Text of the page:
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(en) Ireland, From Red and Black Revolution #8 - After Nationalism ... A WSM* member on leaving Sinn Fein by James McBarron

Date Sat, 30 Jul 2005 15:35:32 +0300


An analysis of why many on the left joined Sinn Fein and what their options are now
I joined Sinn Féin in the mid eighties with many others on
the back of what we saw as a radical shift to the left and a
commitment to build a 32 county Democartic Socialist
Republic. I find myself outside that movement now,
thoroughly disillusioned with it and its shift to a left nationalist
and social democratic electoralist future.
We are many years into the Irish peace process - how many
depends on your perspective - but we can at least agree that
the Good Friday agreement of 1998 is a key point in the
evolution of the process. The current impasse centres largely
on the question of accomodating Sinn Féin into the political
establishment north and south. Though the IRA was defeated
and Sinn Féin began the journey towards an accomodation
with imperialism and the southern state, many of the activists
and indeed many in the communities from which the
republican movement drew its most hardcore support have had
a difficulty adjusting to the new realities. This has arisen
primarily because of the lies that the leadership of that
movement have fed the grassroots in order to keep them on
board.

Mostly this has consisted of pretending that the road they are
now on is something new and innovative that will lead them to
the Republic. But time has taken its toll and the British and
Irish states have become impatient of the Adams
leadership’s slow softly approach and want the open
capitulation of the republican movement, an end to the IRA
and the full integration of SF into the system.

This isn’t easy either for the republicans or the unionists
who have to also abandon their stated hardline approach.
(Unionism represents the politics of the former ruling class in
the north, almost exclusively protestant and pro the union with
Britain, they monopolised power after partition and used this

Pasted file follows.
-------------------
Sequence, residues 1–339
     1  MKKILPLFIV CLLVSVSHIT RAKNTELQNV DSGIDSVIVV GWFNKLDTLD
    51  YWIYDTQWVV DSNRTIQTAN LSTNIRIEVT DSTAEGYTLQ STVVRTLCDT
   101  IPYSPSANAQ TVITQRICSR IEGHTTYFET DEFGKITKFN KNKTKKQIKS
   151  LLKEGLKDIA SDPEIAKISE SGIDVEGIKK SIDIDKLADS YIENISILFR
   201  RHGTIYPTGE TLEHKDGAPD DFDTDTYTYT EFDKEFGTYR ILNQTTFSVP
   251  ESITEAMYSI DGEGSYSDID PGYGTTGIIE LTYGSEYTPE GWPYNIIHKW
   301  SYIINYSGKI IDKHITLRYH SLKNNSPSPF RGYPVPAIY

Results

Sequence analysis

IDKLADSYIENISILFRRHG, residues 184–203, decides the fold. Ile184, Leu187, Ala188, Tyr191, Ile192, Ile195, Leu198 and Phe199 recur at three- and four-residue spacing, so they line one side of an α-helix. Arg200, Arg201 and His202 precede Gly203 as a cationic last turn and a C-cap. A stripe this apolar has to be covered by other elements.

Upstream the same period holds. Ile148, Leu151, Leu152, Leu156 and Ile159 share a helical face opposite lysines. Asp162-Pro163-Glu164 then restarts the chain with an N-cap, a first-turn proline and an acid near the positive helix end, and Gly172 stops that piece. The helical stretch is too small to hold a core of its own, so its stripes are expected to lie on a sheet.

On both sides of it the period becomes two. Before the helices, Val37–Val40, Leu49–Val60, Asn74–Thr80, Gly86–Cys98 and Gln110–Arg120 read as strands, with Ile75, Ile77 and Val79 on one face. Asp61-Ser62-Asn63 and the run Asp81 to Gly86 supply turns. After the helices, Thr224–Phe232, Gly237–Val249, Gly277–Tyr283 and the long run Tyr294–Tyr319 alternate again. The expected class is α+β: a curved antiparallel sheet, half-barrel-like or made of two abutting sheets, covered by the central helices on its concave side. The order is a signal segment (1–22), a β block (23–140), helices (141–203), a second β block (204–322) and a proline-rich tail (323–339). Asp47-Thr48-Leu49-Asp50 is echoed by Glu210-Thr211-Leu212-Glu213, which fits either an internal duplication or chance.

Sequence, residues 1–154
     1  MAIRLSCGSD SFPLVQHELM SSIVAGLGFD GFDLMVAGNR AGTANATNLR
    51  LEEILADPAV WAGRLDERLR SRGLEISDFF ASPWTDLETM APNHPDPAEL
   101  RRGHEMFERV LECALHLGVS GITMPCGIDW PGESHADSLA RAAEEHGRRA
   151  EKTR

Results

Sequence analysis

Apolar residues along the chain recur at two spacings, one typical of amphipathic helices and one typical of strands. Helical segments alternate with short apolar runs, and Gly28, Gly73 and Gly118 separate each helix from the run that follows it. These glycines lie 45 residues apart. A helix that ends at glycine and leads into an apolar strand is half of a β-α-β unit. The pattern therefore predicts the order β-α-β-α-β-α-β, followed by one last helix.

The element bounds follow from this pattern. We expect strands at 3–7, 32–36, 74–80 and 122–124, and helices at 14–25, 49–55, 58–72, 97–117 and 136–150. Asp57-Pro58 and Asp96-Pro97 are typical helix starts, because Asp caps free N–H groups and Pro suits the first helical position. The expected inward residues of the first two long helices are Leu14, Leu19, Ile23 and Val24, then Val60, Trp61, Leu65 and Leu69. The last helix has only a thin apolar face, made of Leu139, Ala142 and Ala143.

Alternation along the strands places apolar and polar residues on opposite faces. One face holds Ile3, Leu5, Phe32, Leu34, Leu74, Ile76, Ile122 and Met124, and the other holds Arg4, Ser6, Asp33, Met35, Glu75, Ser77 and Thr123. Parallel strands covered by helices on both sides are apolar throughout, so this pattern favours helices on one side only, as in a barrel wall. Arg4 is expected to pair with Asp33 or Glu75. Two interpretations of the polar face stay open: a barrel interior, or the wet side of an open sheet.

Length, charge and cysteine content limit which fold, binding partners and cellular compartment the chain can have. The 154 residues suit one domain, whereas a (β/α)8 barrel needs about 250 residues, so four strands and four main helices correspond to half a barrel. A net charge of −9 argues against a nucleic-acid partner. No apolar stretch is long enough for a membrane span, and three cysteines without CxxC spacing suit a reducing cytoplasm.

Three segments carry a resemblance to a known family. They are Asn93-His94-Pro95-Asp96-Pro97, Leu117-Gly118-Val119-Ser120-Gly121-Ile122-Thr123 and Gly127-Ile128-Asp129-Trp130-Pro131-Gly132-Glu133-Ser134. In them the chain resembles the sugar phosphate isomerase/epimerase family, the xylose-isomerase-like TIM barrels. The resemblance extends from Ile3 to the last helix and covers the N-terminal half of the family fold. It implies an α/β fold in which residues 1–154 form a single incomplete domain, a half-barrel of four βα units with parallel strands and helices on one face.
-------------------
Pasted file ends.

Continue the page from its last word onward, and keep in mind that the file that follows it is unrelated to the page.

power to build a sectarian little state. Unionist politicians enjoy
the support of the vast majority of the protestant working class
at election time. Unionists are a majority in the north. The
unionist leadership has realised that a carve-up of power with
nationalism is their only future hope of any power). The
various crises around the process have revolved around these
issues.

Of course it is inevitable that Sinn Féin in its current
manifestation will go in to the system and fully endorse
policing, the courts the prison system, the civil service etc.
Sinn Féin have always believed in the use of the state and
the division of people into leaders and lead. All institutions of
the state will be accepted and Sinn Féin will become the
new and more organised SDLP of the north.

They will share in power eventually with a pragmatic and
realistic unionist leadership which will emerge more strongly
as the old guard die off or become marginalised with time.
What we will have then will probably be a government in the
north enjoying a large degree of acceptability or at least benign
indifference amongst the population. Sinn Féin in the south
will follow the well worn path to participation in administering
power in the Dail. Outside of the mainstream republican
movement some few of those embittered by their experience
will hang onto the old politics and recruit, drill, train, fundraise
and prepare for another round at some day in the future.

And us, the working class, well we will again be faced with the
same old problems of exploitation, oppression, inequality and
constant struggle that we always are. But we will have to fight
a movement that once proclaimed itself revolutionary and keen
to abolish capitalism north and south but that is now bought
and part of the structure. How many good sincere activists will
be destroyed, buried in the bullshit of paliamentary politics,
trying to get the odd pot-hole filled whilst the whole show goes
on as before and past dreams of social revolution slowly ebb
away to “a favour here or there” and a few dry empty
commemorations of past deeds.

If all the peace process had done was end the armed struggle
that would have been great, but it has done far more than that.
It has strenghtened the states north and south. The struggle for
social justice continues. Today fighting the Water Tax in
Belfast, on a picket line in Dublin, pushing for abortion rights
in Cork, fighting racism in Galway, demanding housing in
Derry. All these struggles and many more push our class
interests forward. Unifying them in ideas of self reliance, mass
democracy and direct action, libertarian ideas, anarchist ideas -
that is where the struggle is at. Republicanism will rise again,
taking many good young activists to the grave, prison and
despair unless we popularise truly revolutionary ideas to act as
a positive pole of attraction.

From Red and Black Revolution 8
http://www.struggle.ws/wsm.html
======================================
* WSM is ananarchist federation
========================================
This article is from Red & Black Revolution (no 8)
http://struggle.ws/wsm/rbr/rbr7/index.html
Read more articles from this issue
http://struggle.ws/wsm/rbr.html

Print out a PDF file of Issue 8
http://struggle.ws/wsm/pdf/rbr/rbr8.html
Back issues of Red and Black Revolution
http://struggle.ws/wsm/rbr.html#Back


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